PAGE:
Error Handling, Auditing and Logging from The Open Web Application Security Project is available under a Creative Commons Attribution-ShareAlike 3.0 Unported license.

Error Handling, Auditing, and Logging

From the Open Web Application Security Project (OWASP)

Objective

Many industries are required by legal and regulatory requirements to be:

Well-written applications will have dual-purpose logs and activity traces for audit and monitoring, and make it easy to track a transaction without excessive effort or access to the system. They should possess the ability to easily track or identify potential fraud or anomalies end-to-end.

Environments Affected

All.

Relevant COBIT Topics

DS11 – Manage Data – All sections should be reviewed, but in particular:

DS11.4 Source data error handling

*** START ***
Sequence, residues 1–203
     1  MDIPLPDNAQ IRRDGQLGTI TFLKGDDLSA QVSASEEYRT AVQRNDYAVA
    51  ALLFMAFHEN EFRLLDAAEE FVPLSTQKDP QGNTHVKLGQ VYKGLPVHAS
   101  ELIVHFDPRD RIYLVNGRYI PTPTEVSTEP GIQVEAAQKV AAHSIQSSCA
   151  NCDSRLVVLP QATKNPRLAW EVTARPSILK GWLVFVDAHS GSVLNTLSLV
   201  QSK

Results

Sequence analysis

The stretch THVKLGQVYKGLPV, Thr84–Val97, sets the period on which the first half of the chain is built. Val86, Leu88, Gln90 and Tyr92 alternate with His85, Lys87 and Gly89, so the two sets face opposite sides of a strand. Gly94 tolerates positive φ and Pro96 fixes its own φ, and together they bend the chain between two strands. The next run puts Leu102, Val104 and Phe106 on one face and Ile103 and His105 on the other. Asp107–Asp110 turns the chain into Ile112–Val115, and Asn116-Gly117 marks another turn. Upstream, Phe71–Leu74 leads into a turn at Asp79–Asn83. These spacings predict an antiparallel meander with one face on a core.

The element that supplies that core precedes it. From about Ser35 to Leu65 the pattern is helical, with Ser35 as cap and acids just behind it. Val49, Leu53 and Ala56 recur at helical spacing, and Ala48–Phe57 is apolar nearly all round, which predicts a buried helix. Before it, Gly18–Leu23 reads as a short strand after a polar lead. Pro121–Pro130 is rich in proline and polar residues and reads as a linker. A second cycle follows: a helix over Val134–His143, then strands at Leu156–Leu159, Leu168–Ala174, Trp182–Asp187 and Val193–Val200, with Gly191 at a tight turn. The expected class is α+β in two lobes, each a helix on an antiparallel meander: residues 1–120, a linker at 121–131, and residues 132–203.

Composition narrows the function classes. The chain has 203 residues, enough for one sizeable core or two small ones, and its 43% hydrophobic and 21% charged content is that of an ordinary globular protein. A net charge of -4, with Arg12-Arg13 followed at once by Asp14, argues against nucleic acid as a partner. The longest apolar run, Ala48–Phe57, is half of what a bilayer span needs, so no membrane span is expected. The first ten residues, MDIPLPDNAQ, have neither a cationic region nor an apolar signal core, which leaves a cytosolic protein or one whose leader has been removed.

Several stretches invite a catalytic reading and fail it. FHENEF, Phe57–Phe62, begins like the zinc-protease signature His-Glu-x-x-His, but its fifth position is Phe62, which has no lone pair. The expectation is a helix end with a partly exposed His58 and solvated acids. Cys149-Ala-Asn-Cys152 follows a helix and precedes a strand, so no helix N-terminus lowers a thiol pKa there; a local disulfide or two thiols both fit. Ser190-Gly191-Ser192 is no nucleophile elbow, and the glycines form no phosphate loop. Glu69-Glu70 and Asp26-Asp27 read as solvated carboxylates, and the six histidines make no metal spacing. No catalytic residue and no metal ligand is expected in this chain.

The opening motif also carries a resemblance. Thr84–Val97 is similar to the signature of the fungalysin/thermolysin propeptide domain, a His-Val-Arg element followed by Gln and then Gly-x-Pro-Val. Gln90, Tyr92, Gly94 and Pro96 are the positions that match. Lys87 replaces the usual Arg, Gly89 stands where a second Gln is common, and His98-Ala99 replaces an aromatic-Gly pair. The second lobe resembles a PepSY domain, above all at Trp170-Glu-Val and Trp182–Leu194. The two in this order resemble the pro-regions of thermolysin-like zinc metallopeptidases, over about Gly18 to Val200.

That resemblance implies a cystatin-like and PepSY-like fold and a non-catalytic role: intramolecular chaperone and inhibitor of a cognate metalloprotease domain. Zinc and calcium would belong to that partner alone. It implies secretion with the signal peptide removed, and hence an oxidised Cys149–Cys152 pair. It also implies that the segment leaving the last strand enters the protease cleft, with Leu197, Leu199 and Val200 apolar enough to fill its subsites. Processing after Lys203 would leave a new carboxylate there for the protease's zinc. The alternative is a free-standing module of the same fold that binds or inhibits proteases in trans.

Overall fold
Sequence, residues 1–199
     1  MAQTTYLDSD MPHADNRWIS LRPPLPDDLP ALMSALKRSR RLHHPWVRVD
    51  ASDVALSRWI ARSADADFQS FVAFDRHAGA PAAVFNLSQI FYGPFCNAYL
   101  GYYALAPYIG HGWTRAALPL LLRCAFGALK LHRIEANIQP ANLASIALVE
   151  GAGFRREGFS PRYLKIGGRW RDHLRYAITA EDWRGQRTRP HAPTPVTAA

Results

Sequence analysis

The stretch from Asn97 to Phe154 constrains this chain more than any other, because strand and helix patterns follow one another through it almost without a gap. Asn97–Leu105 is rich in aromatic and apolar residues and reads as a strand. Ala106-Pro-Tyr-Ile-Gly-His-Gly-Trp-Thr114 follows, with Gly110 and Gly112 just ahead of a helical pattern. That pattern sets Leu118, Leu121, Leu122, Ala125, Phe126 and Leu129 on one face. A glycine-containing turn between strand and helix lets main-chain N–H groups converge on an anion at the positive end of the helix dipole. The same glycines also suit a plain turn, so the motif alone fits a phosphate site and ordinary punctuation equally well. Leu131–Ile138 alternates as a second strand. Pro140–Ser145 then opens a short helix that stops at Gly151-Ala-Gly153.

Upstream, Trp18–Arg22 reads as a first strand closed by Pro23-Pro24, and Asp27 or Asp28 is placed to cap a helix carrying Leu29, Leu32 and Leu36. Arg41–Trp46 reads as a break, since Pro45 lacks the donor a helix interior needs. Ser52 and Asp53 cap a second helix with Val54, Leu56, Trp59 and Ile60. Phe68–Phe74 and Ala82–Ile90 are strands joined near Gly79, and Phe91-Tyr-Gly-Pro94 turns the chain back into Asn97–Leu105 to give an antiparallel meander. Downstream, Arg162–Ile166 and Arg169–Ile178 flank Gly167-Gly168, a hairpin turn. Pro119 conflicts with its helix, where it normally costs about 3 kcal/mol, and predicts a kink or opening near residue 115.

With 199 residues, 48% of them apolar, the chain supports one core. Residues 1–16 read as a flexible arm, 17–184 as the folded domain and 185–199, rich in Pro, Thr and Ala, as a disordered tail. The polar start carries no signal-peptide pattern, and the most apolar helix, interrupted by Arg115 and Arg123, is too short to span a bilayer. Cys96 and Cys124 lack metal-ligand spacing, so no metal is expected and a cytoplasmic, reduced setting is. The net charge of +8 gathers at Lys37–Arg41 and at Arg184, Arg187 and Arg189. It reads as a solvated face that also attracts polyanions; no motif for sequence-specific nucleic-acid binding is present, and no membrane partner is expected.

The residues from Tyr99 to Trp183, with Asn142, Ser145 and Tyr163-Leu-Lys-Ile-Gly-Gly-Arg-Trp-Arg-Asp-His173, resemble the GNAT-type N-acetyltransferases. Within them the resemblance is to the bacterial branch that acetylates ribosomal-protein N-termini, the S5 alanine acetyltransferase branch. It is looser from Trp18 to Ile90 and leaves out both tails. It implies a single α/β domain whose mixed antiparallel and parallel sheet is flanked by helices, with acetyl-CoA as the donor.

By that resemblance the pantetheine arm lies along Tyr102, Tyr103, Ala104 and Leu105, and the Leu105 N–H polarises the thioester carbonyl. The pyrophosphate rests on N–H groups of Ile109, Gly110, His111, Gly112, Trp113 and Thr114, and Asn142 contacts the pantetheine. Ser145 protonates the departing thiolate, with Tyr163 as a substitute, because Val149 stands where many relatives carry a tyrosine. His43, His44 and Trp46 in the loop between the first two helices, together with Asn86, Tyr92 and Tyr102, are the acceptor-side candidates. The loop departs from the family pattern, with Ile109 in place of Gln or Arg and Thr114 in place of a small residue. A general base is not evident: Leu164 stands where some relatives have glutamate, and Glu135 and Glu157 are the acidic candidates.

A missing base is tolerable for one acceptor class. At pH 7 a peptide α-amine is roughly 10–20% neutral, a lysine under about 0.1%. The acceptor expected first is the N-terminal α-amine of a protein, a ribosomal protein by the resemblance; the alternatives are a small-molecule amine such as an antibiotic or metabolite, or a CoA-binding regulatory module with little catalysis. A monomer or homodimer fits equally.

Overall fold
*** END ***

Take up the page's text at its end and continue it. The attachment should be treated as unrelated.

DS11.8 Data input error handling

Description

Error handling, debug messages, auditing and logging are different aspects of the same topic: how to track events within an application:

Best Practices

Error Handling

Error handling takes two forms: structured exception handling and functional error checking. Structured exception handling is always preferred, as it is easier to cover 100 percent of code. On the other hand, it is very hard to cover 100 percent of all errors in languages that do not have exceptions, such as PHP 4. Code that covers 100 percent of errors is extraordinarily verbose and difficult to read, and can contain subtle bugs and errors in the error handling code itself.

Motivated attackers like to see error messages, as they might leak information that leads to further attacks, or may leak privacy-related information. Web application error handling is rarely robust enough to survive a penetration test.

Applications should always fail safe. If an application fails to an unknown state, it is likely that an attacker may be able to exploit this indeterminate state to access unauthorized functionality, or worse create, modify or destroy data.

Fail Safe

Debug Errors

Exception Handling

Functional Return Values

Many languages indicate an error condition by return value. E.g.:

	$query = mysql_query(“SELECT * FROM table WHERE id=4”, $conn);

if ( $query === false ) {

		// error

}